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Accessorial liability – the involvement of others in a breach

One key question for the inquiry was whether any of the supermarkets was involved in supply chain non-compliance.

Section 550 of the Act provides that a person who is ‘knowingly involved in’ a contravention of a civil remedy provision is taken to have contravened that provision and is exposed to penalties and other orders flowing from that contravention. A person is ‘involved in’ a contravention if they:

  • aided, abetted, counselled, procured or induced the contravention
  • conspired with others to effect the contravention
  • were in any way, by act or omission, directly or indirectly, knowingly concerned in or party to the contravention.

Section 550 furnishes the FWO with the power to commence court proceedings against alleged ‘accessories’ to contraventions. Most commonly, accessories are individuals involved in running the employing entity that committed the contravention (the ‘primary contravener’). This may for example include company directors, company officers, human resources officers and professional advisers.

Accessories can also be other businesses in a position of power within the same supply chain as the employing entity, such as a head contractor or franchisor1.

The inquiry considered contracts across various labour supply chains to assess the contract price, along with the Woolworths benchmarking tool for checking a tender’s viability.

The inquiry reviewed the hours of work required and the time that labour was needed (important because penalty rates and allowances apply under the modern award during certain days and times).

In the examples assessed, the Woolworths contract price was sufficient to meet employee minimum entitlements if there were no more than two levels of contracting in place. However, the inquiry noted that Woolworths only passed on 90% of the annual national wage increases to its principal contractors, meaning that the contractor was required to meet an additional amount of wages each year of the contract without additional payment from Woolworths. This increase was not always passed on by the principal contractors to their subcontractors.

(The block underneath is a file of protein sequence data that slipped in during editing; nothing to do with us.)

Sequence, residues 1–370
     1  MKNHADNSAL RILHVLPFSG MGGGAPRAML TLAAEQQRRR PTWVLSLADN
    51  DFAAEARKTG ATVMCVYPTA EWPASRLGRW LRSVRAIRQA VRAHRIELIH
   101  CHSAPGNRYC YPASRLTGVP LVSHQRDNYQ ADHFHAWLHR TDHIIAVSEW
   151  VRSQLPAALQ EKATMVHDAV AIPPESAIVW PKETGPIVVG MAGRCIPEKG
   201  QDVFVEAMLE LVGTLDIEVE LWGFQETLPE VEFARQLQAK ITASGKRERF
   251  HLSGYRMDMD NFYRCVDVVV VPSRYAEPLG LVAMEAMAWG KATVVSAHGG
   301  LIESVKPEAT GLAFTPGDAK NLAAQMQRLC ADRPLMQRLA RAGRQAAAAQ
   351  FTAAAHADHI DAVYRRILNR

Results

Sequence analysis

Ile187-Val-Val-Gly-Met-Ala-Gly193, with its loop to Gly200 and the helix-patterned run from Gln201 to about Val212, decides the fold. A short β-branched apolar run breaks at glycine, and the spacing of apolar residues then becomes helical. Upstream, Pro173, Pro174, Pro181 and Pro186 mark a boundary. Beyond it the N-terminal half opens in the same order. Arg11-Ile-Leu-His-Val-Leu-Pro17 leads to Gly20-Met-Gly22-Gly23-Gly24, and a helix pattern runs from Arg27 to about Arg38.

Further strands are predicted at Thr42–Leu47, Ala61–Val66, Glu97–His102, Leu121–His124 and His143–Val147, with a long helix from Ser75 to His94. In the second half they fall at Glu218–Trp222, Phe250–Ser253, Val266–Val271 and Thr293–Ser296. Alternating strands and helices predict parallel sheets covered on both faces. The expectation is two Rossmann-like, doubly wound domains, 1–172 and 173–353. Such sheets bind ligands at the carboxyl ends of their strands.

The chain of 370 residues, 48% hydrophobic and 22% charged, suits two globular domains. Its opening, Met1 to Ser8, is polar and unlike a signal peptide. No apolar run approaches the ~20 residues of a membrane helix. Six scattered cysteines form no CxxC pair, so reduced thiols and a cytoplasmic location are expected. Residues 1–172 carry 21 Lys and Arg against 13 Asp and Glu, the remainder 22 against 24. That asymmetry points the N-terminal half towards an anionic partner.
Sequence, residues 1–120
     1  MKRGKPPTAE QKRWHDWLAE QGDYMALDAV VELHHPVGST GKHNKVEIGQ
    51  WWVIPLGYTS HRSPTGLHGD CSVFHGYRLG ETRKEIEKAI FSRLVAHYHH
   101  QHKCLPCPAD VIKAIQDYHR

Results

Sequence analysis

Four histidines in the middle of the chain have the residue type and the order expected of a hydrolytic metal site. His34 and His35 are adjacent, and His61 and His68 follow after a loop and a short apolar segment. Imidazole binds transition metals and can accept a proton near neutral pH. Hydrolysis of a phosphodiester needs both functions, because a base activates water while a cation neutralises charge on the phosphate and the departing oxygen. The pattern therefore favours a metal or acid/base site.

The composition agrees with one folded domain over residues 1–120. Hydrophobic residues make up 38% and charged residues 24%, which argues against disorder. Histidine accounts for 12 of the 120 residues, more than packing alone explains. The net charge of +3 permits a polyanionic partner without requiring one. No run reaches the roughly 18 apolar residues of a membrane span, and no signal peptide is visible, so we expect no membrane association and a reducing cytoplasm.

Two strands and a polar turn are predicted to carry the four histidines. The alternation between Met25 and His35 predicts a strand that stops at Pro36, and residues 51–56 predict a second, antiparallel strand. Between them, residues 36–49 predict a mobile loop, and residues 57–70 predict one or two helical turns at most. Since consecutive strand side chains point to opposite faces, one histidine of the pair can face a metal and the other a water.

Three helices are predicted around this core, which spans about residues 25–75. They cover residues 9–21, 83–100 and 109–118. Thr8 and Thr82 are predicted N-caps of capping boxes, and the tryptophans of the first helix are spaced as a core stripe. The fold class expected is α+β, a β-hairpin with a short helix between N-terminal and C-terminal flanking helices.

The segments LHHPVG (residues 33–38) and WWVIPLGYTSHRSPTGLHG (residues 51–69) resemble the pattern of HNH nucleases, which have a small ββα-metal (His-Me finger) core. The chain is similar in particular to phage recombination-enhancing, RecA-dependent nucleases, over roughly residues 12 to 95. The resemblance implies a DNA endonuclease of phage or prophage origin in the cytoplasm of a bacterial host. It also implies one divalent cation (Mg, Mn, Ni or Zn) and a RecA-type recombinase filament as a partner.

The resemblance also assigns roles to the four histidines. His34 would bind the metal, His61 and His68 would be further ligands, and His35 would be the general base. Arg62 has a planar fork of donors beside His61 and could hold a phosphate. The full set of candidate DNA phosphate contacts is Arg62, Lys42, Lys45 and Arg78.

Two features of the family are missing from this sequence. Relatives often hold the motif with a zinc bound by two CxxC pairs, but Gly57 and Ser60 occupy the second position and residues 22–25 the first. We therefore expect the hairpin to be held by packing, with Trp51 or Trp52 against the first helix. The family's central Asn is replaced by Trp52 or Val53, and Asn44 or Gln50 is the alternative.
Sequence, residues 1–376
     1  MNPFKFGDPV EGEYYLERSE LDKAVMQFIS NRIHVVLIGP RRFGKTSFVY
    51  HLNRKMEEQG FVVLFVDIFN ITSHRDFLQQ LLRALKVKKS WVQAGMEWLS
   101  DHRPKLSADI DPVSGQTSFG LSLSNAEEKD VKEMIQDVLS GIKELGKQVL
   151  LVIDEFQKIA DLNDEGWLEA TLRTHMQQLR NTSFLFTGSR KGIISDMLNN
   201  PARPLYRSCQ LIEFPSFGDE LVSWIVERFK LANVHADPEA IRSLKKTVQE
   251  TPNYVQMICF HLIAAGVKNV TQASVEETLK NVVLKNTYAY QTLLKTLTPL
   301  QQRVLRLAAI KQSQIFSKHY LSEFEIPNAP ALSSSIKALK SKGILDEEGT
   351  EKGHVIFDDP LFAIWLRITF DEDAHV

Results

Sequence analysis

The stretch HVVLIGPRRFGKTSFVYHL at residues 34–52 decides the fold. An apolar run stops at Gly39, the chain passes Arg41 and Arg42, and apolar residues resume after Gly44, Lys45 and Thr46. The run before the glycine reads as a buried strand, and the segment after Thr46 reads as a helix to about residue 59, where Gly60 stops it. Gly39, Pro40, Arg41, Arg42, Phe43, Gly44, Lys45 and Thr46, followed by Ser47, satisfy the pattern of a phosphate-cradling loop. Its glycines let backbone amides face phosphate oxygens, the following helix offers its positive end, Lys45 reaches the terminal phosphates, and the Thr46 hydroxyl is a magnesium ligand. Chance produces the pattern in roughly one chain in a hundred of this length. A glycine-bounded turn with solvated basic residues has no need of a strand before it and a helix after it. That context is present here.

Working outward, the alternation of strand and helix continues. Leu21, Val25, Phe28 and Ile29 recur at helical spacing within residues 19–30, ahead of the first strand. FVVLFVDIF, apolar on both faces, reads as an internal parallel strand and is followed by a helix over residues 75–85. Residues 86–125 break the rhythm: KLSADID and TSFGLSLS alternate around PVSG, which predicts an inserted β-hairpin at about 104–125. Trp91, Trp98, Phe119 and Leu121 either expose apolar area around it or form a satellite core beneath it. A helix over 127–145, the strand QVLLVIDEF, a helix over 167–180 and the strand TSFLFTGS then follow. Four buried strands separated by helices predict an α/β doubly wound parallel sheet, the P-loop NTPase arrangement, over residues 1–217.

The inquiry identified that one principal contractor was taking as much as 45% of the payments from Woolworths, before passing any payments onto subcontractors.

Woolworths confirmed the margin at which it decides whether a contract is sustainable is one that ‘can move’ in the process of assessing a competitive tender.

The inquiry also noted that the oncost2 Woolworths factored in was very low, especially bearing in mind that the contract could be further subcontracted on. However, the inquiry did not find evidence that demonstrated that Woolworths was an accessory to the breaches committed by others in the labour supply chain.

At the subcontracting level, the inquiry found subcontractors were told what price they would be paid by the principal contractors and for what supermarket sites. There was no evidence of any genuine negotiations on price between the principal contractor and subcontractors. A number of subcontractors informed the inquiry that they had to accept the price being offered by the principal contractor, or an alternative provider willing to take on the sites at the price they were offering would be sourced.

Case Study

Contractor A was responsible for cleaning multiple supermarket sites and was invited by Woolworths to review its most recent tender and resubmit a ‘more competitive’ final pricing schedule. This followed Contractor A’s submission of a tender which had increased its pricing by 33%.

Contractor A explained that it was unable to revise its pricing due to substantial rises in operating costs, including:

  • increases in general insurance, workplace health and safety compliance and workers compensation (despite a ‘no-claim’ history)
  • investments in new labour saving machinery to keep labour costs lower
  • prior ‘absorption’ of annual consumer price index (CPI) increases
  • the need to comply with modern award rates, including penalties and allowances
  • the need to fund potential redundancies
  • the state long service leave act was set to change the eligibility from 15 years to 10 years (effective from 1 July 2012)
  • increase in expenses associated with maintaining and travelling to non-metropolitan stores
  • enhanced cleaning standards contained in the tender.

Following consideration of the tenders, Contractor A was only retained for one store. Cleaning contracts for the remaining sites were awarded to Contractor B at a lower price than was submitted by Contractor A. Subcontractor B then subcontracted the work to Contractor C.

The FWO investigated the sites awarded to Contractor C during this inquiry and identified serious non-compliance at these sites, including underpayments.

  1. See joint penalty decision: Fair Work Ombudsman v Al Hilfi [2016] FCA 193 external-icon.png
  2. Oncost refers to costs carried by subcontractors such as workers compensation, labour costs if sub contracted, chemicals for cleaning, GST, equipment, insurance etc.